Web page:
I have been thinking about sustainability a lot. Sustainability is something that’s likely always been in the back of my mind and we probably already do a lot of it at work without thinking. However, I think that making a concerted effort to do it right, is better for the environment as we move towards being a more progressive business. This and future posts will form the basis of a more cohesive plan around sustainability and ultimately arrive at a Sustainability Policy for our company.
So where to begin? I thought it best to start with documenting some of the ‘easy wins’, or things that we’ve already made goo headway with. Then move on to looking at each division within the company and dissect what aspects of its function we can improve with regard to its environmental impact.
Power. Our roaster uses Propane for combustion, but I’ll approach that later in our sustainability journey. The main power consumption in the roastery is electricity. When we picked up the keys to our new roastery space in July 2019, one of the first fit-out projects was to upgrade the lighting. Removing the old bulb strip lights in favour of LED warehouse lights was a significant expense, but the payback in a reduction of power consumption will be significant, both in economic terms as well its impact on sustainability. We also to the opportunity to split the lighting in to two zones. This helps us use banks of lighting over areas that are in use and not consume power in areas that aren’t.
Waste. We try and recycle as much as we can. Improvements can be made thanks to gardeners dublin, and we’re working on plans to expand on what we recycle and how it’s monitored. One aspect of our waste control that I’m certain we’re doing a good job on is composting the chaff produced as a roasting byproduct. All of it is picked up by my family to use on their land. This offer is extended to any keen gardener who visits the roastery. Our coffee sacks are also reused. Most are re-purposed by people for decorations, cushions, or sack races at local schools. We have further ideas on how to improve and expand on their reuse and will write about this at a later point.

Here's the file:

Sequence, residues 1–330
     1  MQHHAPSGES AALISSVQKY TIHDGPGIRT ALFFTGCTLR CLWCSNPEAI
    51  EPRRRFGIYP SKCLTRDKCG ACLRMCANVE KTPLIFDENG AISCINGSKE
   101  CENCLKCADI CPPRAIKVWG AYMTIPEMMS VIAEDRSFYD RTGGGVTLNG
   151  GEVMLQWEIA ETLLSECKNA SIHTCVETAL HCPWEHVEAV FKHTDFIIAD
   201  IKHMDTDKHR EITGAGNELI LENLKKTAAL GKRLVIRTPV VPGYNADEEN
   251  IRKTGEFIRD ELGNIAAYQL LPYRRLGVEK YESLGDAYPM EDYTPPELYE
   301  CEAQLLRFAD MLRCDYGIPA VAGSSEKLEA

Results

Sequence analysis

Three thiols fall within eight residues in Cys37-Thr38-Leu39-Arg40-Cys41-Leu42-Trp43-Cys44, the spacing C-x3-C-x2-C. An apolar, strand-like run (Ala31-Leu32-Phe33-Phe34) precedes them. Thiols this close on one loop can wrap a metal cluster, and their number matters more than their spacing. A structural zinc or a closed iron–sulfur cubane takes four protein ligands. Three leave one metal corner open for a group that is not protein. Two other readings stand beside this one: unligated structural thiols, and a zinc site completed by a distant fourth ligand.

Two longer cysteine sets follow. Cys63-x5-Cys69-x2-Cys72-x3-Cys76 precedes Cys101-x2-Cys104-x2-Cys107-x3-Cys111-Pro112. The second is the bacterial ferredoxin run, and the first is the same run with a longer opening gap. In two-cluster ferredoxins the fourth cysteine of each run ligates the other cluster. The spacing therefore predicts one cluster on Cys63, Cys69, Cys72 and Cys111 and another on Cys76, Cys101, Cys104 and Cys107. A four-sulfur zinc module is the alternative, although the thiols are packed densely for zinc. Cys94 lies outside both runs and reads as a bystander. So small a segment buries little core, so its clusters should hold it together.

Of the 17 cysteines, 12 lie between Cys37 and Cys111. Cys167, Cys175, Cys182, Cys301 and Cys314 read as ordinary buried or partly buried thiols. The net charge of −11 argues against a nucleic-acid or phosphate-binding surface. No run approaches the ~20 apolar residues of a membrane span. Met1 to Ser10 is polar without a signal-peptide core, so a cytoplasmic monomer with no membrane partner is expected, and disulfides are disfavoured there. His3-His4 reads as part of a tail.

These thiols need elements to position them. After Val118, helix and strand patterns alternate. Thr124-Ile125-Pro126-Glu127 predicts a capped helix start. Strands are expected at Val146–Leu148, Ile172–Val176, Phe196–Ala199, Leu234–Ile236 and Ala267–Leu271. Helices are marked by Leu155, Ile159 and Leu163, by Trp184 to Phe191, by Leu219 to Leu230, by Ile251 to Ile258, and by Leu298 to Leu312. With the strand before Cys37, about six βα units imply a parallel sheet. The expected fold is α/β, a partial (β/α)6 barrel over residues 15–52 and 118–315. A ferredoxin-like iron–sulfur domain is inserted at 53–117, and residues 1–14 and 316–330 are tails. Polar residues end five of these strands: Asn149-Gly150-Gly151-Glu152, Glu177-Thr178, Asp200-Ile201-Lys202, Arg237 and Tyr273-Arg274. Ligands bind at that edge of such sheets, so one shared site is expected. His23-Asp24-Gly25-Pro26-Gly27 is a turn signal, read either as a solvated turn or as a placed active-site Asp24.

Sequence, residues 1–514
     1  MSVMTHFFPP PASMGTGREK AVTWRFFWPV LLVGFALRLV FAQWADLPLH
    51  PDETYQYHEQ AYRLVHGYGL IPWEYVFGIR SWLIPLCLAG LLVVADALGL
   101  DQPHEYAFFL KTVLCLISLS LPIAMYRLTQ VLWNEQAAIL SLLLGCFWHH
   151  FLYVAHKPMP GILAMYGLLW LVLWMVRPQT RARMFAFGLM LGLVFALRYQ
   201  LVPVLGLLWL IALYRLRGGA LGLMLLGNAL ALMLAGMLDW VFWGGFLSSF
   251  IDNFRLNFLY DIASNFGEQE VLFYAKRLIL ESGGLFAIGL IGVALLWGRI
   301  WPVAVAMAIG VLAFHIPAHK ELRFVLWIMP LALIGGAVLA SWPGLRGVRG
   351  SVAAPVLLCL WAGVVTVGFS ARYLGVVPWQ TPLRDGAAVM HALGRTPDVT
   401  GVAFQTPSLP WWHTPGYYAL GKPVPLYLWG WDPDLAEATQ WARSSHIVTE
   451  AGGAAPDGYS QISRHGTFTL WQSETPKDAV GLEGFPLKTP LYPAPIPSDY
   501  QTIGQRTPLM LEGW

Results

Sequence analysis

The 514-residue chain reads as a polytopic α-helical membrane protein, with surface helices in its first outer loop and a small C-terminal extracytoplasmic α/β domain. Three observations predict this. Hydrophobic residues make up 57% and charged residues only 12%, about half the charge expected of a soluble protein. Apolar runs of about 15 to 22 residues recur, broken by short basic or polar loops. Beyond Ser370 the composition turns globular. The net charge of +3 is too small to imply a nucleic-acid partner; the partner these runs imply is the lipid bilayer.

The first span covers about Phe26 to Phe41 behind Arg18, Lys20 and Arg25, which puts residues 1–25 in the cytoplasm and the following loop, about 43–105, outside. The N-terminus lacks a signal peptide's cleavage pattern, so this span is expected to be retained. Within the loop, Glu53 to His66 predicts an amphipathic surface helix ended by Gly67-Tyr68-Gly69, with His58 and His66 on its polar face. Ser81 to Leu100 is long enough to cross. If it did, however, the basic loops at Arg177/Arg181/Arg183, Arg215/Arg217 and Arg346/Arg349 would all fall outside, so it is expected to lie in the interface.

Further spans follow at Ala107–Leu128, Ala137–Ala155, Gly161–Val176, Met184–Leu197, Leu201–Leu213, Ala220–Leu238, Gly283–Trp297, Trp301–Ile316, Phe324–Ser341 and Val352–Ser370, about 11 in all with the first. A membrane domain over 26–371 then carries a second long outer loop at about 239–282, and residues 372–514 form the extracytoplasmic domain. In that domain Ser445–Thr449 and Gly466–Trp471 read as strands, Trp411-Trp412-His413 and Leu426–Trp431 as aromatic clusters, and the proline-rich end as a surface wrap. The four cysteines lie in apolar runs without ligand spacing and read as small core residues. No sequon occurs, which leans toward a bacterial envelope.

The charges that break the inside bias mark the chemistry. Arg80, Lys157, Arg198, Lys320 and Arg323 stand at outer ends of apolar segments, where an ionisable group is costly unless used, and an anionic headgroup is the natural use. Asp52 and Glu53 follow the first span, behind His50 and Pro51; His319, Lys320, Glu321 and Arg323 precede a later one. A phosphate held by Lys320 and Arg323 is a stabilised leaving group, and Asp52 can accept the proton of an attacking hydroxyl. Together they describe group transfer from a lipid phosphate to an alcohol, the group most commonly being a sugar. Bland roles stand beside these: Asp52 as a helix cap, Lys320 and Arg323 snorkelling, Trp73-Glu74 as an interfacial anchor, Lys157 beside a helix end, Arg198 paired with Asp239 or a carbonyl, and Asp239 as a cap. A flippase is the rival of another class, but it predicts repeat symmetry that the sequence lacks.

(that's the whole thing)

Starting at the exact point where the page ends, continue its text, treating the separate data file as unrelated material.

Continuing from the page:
Shipping and packing. Our local wholesale customers will be used to seeing transport crates used to deliver coffee to cafes. Those further afield receive cardboard boxes. I’m sure there is a better solution to this, and will be an area that I will focus on soon. Recently we’ve seen a noticeable increase in people purchasing online while in COVID-19 lock down. Katie and I are acutely aware of our current poor choice in shipping material – bubble envelopes, plastic document wallets and standard packing tape. We’re changing this now and will be trialling paper envelopes, biodegradable document wallets and paper tape in the coming days. We’re also aware that our foil lined coffee bags can be improved on and are actively investigating options on new bags. Again, I’ll address this in a future post once we’ve trialled the options available and made our final decision on bag manufacturer and material.
The journey to a more environmentally sustainable future will not be an overnight process. However, I believe that by being more transparent about how the business operates, and charting the progress, we will be able to make a positive impact.
To be continued.